Kremlin
The Moscow Kremlin is frequently referred to as the "Eighth Wonder of the World".

 It is located on the left bank of the Moskva River and considered one of the most beautiful architectual ensembles in the world. For many centuries the Kremlin has been the heart of Moskow.

The Kremlin has always been perceived as a symbol of power and mighty of the Russian state, the national idea expressed in stone. Each era in the history of Russia left its significant architectural trace in the Kremlin.

On the territory of the Kremlin there are buildings of 5 Russian Orthodox Cathedrals among which the most famous is the Cathedral of Assumption (1475–79) — Russia's principal church; the Bell Tower named after Ivan the Great (1505–08); the Tsar Bell — the biggest bell in the world (1733-35); the Tsar Cannon with the largest caliber of any gun in the world (1586); the Grand Kremlin Palace (which is a group of several buildings with the main section dating back to 1838–1849); the Arsenal (early 19th cent); the Palace of Congresses (1961) and many other objects.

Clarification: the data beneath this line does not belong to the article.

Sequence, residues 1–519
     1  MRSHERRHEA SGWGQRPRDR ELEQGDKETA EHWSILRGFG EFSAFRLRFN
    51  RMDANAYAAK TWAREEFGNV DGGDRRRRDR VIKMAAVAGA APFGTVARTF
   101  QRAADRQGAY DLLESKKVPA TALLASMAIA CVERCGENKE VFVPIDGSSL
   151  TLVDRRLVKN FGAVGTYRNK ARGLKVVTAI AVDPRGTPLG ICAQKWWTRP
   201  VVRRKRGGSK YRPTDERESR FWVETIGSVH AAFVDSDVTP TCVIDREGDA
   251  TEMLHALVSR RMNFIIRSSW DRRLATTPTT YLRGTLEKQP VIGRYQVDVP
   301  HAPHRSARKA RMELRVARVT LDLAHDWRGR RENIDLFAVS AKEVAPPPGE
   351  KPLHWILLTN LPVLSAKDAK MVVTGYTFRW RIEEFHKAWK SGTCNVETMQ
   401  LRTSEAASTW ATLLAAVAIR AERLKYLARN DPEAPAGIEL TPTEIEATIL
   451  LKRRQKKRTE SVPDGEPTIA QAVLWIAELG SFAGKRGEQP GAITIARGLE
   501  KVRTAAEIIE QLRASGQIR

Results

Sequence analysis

The Uspensky (Assumption) Cathedral is one of the oldest edifices of the Kremlin. It was  built by the Italian architect Aristotle Fiorovanti, who had spent many years in Russia studying traditional architecture. Topped by five gilt domes, it is both austere and solemn. It contains rare ancient paintings, including the icon of the Virgin of Vladimir (11th cent) and the icons of St. George (12th cent) and the Trinity (14th cent). The carved throne of Ivan the Terrible also stands here.